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Latin music in the United States

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Latin music in the United States

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Latin music has long influenced American popular music, jazz, rhythm and blues, rock and even country music. For an early example (1914), the bridge to "Saint Louis Blues"--"Saint Louie woman, with her diamond rings"--has a habanera beat, prompting Jelly Roll Morton to comment, "You've got to have that Spanish tinge." Many an American band has added a conga player, maracas, or other Latin percussion for just that reason.

The Argentine tango was a worldwide success in the 1930s. Tango dancers and records could be found from Los Angeles to Beijing.

In more recent times, artists such as Carmen Miranda, Desi Arnaz, Xavier Cugat, and Pérez Prado ("The Mambo King") were popular with audiences of all cultures. Judy Garland's first hit, as a member of the "Gumm Sisters", was "La Cucaracha", right down to the line about marijuana.

It was common in dance halls in the 30s and 40s for a Latin orchestra, such as that of Vincent Lopez, to alternate with a big band because dancers insisted on it. Latin music was extremely popular with dancers, not only the samba, paso doble, rumba, and mambo, but even the conga. In the 50s, Perez Prado made the Cha-cha-cha famous, and the Afro-Cuban jazz of Dizzy Gillespie opened many ears to the harmonic, melodic, and rhythmic possibilities of Latin music and is still influential in salsa.

The "Spanish tinge" was also a common feature of rhythm and blues in the 50s. The monster hit "Little Darling" was driven by the clave beat and Chuck Berry's "Havana Moon" was a great success. Richie Valens, born Ricardo Valenzuela, blew the roof off the hit parade with "La Bamba", originally a Mexican wedding song.

Likewise, Tex-Mex and Tejano style featured the conjunto sound, resulting in such important music as "Tequila" by The Champs, "96 Tears" by Question Mark and the Mysterians, Sam the Sham & the Pharaohs, Thee Midniters, and the many combinations led by Doug Sahm, including the Sir Douglas Quintet and the Texas Tornadoes. The Texas Tornadoes featured Freddy Fender, who brought Latin soul to country music. And the Tornadoes' Flaco Jiménez is a genuine conjunto hero, a third-generation accordionist whose grandfather learned the instrument from German settlers in Texas. Johnny Rodriguez is another Latin country star.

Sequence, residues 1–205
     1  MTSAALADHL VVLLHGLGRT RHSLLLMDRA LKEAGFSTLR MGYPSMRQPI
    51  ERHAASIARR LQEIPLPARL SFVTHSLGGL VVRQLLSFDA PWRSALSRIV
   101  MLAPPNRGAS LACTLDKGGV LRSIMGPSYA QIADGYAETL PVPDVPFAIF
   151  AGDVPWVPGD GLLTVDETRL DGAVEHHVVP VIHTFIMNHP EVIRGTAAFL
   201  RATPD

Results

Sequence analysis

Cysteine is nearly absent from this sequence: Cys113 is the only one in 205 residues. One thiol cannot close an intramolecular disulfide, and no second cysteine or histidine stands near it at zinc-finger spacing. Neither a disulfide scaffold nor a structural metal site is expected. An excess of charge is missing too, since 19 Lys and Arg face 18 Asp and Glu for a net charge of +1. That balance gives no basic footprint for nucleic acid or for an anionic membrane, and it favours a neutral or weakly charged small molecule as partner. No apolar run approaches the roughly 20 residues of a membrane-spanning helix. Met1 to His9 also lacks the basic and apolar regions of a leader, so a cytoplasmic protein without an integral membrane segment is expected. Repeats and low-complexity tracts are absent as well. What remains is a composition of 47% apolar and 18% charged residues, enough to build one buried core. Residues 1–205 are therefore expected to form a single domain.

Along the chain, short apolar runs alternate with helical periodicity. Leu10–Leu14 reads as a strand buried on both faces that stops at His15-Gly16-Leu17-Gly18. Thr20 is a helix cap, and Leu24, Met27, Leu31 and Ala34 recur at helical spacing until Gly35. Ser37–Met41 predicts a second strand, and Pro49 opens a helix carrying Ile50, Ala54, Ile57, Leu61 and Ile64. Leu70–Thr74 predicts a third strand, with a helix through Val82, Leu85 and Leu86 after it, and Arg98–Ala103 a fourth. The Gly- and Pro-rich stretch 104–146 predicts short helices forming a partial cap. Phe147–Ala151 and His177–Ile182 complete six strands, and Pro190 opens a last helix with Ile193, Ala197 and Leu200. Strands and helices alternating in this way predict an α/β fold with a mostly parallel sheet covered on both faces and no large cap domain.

In the modern rock and roll era, Carlos Santana featured a full-blown Latin approach. Joe King Carrasco y las Coronas play punk rock Tex-Mex style. See also rock en español.

During the second part of the decade of the 1990s, Latin music exploded into the mainstream thanks to popular artists like Ricky Martin, Christina Aguilera and Jennifer Lopez. While Latin music has been popular for many years, its current popularity in the mainstream may have come only after the untimely death of the popular Tex Mex singer Selena. Many attribute Jennifer Lopez's discovery as a talented actress and artist as a result of her title role as Selena in the biographical movie of the same name. Selena was murdered by her fan-club president.

Present day Latin music

Nowadays, Latin music encompasses a broad spectrum of sounds, artists, genres, and tastes--from Rock en espanol (with groups like Mana and artists like Shakira) to new Latin hip-hop artists like J Lo (otherwise known as Jennifer Lopez) and Big Pun, to banda music played in Los Angeles, to salsa and merengue crossover artists such as Marc Anthony. Another important Latin American singer is Pilar Montenegro. Major record companies have branches specialized in the Spanish American market.


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Music Sound, v. 2.0, by MultiMedia

This guide is licensed under the GNU Free Documentation License. It uses material from the Wikipedia.


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